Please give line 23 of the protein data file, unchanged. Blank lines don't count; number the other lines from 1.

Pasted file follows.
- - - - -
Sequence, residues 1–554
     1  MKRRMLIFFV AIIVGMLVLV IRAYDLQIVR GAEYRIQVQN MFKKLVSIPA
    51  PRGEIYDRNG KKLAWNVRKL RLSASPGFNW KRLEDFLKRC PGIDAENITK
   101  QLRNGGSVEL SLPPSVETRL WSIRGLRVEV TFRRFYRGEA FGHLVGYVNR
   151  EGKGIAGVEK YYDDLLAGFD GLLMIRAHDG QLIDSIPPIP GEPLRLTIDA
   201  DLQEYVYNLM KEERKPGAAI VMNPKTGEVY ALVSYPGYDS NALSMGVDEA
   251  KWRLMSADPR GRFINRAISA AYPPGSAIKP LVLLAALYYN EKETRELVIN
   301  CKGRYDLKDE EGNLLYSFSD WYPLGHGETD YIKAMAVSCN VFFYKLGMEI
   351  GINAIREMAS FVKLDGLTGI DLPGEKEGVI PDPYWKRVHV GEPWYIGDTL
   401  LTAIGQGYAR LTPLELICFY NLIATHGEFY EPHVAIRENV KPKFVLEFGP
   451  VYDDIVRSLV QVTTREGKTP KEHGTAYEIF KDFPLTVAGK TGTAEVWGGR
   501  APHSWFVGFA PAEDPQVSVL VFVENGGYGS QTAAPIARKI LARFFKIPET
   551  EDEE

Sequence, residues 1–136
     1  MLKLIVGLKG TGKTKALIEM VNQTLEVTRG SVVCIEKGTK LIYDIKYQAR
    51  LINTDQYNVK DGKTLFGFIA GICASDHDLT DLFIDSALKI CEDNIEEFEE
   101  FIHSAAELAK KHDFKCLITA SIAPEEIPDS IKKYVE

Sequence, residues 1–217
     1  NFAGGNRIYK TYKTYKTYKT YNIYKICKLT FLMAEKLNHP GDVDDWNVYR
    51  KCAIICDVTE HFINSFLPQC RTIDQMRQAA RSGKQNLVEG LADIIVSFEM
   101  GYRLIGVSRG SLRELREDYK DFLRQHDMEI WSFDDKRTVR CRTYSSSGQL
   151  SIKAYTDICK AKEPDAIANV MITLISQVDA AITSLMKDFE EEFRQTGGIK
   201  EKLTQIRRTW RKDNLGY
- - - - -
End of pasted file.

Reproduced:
   201  EKLTQIRRTW RKDNLGY